Small Signal Amp./PA Matching - RF Cafe Forums
Post subject: small signal amp./PA matching Posted: Tue
Jul 18, 2006 5:12 pm
Joined: Tue Jul 18,
2006 9:52 am
when we match input/output
for power gain in small signal amp we match the input/output impedances
conjugately to 50 Ohm and the S11 and S22 are -15 dB or below or
something like that which indicates good matches. i thought I understood
matching networks farily well until i started reading on PA's. in
a PA the output is matched to an impedance that is found using loadpull
analysis so the matching network is not a conjugate match. however,
in books and in many PA publications the S22 is shown and it is
usually pretty good -15 dB or something like that. What does S22
mean in PA's? I thought since output is not conjugate match the
S22 shouldn't be that good.
if we assume that the S22 that
is usually shown when talking about PA's is small signal S22 then
how come the match could be so good when the designer actually didn't
match for it---it was matched for loadpull! any comments/suggestions.
Post subject: Posted:
Wed Jul 19, 2006 10:51 am
Mon Jun 27, 2005 2:02 pm
PA matching is different than matching a small signal
amplifier for maximal output power. In PA many times you don't necessarily
want to get the maximal output power, but a good linearity or efficiency.
This results in different impedance contours. The best way to measure
it is with Loadpull. So with the Loadpull you can sweep the output
impedance to different locations on the Smith chart for different
conditions (Like best linearity or efficiency, which come on the
expense of each other).
The best S22 (The lowest) doesn't
necessarily means that your PA will give you what you wanted to
achieve from your design, because you match for other conditions
and not for lower S22.
Post subject: Posted:
Wed Jul 19, 2006 11:35 am
Joined: Tue Jul
18, 2006 9:52 am
thanks for the reply
IR. but let's say i did loadpull for a class A (linear) PA and found
out that I need to match 50 Ohm to A+jX impedance, which is different
than the actual output impedance of the transistor (or set of transistor
cells). Hence, the match that I do will not be a conjugate match,
right? So, my question is that then why in books and in technical
published papers people talk about S22 and it is usually quite good
and they highlight it also? Even Cripps, on page 19 or 20 does so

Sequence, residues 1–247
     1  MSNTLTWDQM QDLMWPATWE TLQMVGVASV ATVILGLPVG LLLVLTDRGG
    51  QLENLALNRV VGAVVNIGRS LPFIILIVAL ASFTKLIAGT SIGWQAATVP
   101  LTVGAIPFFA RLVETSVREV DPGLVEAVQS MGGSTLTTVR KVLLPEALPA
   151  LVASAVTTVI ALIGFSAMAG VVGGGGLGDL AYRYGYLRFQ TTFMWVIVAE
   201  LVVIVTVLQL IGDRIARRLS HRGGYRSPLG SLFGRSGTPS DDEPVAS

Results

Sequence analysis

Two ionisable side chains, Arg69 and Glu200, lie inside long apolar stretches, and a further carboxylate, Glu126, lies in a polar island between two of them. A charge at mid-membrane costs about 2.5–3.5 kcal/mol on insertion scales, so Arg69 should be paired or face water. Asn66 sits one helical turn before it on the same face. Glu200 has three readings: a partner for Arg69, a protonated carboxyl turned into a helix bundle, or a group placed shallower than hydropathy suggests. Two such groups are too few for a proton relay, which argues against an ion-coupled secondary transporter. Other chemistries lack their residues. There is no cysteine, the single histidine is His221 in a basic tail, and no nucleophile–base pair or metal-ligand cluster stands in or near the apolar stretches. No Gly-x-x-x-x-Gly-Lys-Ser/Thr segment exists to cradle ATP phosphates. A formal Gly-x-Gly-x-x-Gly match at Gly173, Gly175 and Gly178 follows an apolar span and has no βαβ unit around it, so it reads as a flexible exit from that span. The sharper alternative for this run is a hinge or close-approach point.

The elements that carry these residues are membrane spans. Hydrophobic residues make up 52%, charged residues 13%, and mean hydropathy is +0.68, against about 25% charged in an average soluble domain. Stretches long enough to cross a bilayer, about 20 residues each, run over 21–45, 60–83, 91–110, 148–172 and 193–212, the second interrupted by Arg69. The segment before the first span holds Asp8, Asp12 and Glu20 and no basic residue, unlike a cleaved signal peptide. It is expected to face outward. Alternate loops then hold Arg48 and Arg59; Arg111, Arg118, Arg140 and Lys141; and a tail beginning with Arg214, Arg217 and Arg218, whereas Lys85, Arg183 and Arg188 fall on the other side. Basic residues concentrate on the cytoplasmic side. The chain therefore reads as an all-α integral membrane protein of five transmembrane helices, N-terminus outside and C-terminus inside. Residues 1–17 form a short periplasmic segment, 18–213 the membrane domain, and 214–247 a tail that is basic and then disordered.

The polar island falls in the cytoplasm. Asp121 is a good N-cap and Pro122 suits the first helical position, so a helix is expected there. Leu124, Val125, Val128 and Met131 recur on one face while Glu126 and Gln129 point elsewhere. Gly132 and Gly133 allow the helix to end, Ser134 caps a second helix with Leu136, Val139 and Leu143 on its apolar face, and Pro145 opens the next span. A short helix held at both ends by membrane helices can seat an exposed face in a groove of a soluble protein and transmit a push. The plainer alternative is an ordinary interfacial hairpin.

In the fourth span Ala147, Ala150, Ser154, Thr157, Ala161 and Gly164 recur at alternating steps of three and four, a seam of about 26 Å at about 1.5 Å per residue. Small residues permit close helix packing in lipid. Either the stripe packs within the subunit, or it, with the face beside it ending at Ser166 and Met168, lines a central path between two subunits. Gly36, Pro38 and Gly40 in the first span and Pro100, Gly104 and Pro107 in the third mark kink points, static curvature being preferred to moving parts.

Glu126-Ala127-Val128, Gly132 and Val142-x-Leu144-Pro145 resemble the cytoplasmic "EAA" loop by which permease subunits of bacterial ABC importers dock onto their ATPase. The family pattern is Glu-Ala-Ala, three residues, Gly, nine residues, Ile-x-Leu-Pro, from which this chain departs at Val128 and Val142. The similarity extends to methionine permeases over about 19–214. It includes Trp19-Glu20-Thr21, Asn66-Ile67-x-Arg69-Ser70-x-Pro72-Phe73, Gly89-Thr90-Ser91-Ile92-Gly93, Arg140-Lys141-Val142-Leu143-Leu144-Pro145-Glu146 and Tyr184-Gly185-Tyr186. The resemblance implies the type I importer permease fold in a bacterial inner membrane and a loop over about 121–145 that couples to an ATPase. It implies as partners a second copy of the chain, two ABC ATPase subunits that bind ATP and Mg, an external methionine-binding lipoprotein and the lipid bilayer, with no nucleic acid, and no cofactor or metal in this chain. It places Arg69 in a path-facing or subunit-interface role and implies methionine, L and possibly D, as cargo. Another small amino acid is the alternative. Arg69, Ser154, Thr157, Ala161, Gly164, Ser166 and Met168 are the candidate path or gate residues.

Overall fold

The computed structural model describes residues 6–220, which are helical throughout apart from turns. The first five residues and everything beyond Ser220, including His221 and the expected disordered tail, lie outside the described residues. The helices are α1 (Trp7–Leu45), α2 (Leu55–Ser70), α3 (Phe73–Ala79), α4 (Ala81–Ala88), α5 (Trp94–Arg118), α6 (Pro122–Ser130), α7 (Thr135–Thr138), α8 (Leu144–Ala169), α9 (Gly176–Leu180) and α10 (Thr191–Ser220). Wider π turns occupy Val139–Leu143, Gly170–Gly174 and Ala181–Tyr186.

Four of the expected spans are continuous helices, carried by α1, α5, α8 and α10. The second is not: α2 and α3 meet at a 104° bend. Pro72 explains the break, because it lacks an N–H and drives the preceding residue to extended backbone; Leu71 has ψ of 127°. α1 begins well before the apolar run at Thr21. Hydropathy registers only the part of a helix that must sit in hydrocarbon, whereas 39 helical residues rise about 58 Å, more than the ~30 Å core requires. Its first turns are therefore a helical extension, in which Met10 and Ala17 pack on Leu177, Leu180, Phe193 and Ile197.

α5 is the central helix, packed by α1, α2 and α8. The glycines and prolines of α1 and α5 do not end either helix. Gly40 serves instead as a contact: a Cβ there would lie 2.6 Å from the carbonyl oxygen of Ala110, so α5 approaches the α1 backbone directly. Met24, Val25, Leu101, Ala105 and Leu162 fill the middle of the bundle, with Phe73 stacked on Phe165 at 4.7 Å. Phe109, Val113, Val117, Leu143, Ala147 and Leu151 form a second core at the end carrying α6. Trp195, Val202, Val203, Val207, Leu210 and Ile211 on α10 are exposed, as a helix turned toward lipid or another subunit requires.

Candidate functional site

for a simple linear Class A PA design.
as i said in the earlier
post, it could be that the S22 is shown for small signal but then
why is it good because the match wasn't done for small signal S22/conjugate
Posted: Wed Jul 19, 2006 2:29 pm
Mon Jun 27, 2005 2:02 pm
This is because in Class A design you get a good linearity and bad
efficiency, so you need to match for conjugate in order to get maximal
output power to improve your efficiency. Besides Class A there are
other classes like A-B or B, in which you will get a degraded linearity
but good efficiency. Therefore, in those matching for conjugate
is not required and you need to match for good linearity, which
will not necessarily yield a good S22. I was referring in my previous
post to those type of amplifiers -especially Class A-B, which is
most common in Base-Stations PA's.
Posted: Wed Jul 19, 2006 3:01 pm
Tue Jul 18, 2006 9:52 am
hey IR, i don't know if
i fully agree---i am not sure. even in class A you don't do conjugate
match of you transistor out impedance; rather you transform 50 Ohms
to some impedance that you want your transistor to see that you
get from loadpull. let's say your transistor output impedance is
10-j3; in PA (eve for class A) you don't match for 10+j3 rather
some other value that you find from loadpull (let's say it is 15+j3)
and will provide optimal output power but not necessarily maximum
power gain. so you transform your 50 Ohm to this 15+j3. so your
small signal S22 shouldn't be quite good because instead of having
a conjugate match of 10+j3 you have something else. but look at
some PA papers and if they give out S22, in many cases, it is as
if it is conjugate matched to the transistor's actual output impedance.
may be i don't have a clear concept of S11/S22 or something but
it doesn't make sense.
Post subject: Posted: Thu Jul 27, 2006 3:10 pm
Joined: Mon Jun 27, 2005 2:02 pm
The transistor can be matched to any condition.
The conditions can be e.g.: NFmin, Specific Gain, Maximal Output
Power etc. For some of these conditions (NFmin, G) there are families
of countours that are plotted on a Smith chart, which specify the
impedance the transistor needs to be matched to for a given Gain
and/or NF. You can match to fulfill 2 conditions simultansously
(An intersection of 2 countours).
These impedances will not necessarily
will give you the best S11 or S22 but they will provide you a maximal
gain or minimal NF.
Attached is a link for an application
note with some examples:
subject: Posted: Tue Jan 30, 2007 9:43 pm
Joined: Tue Mar 15, 2005 11:43 pm
Just want to add notes that the PA matching
that has been mentioned about is large- signal matching. As we understand
that the output impedance at small-signal conditions is different
than large-signal conditions.
Referring to Cripps method that
large-signal output impedance is lower than small-signal output
impedance. (The large-signal impedance is 1/2 to 1/3 of small signal
I think it's one of the reason that large-signal
matching is not conjugate matching to the small-signal S-para (S22).
I hope it makes sense.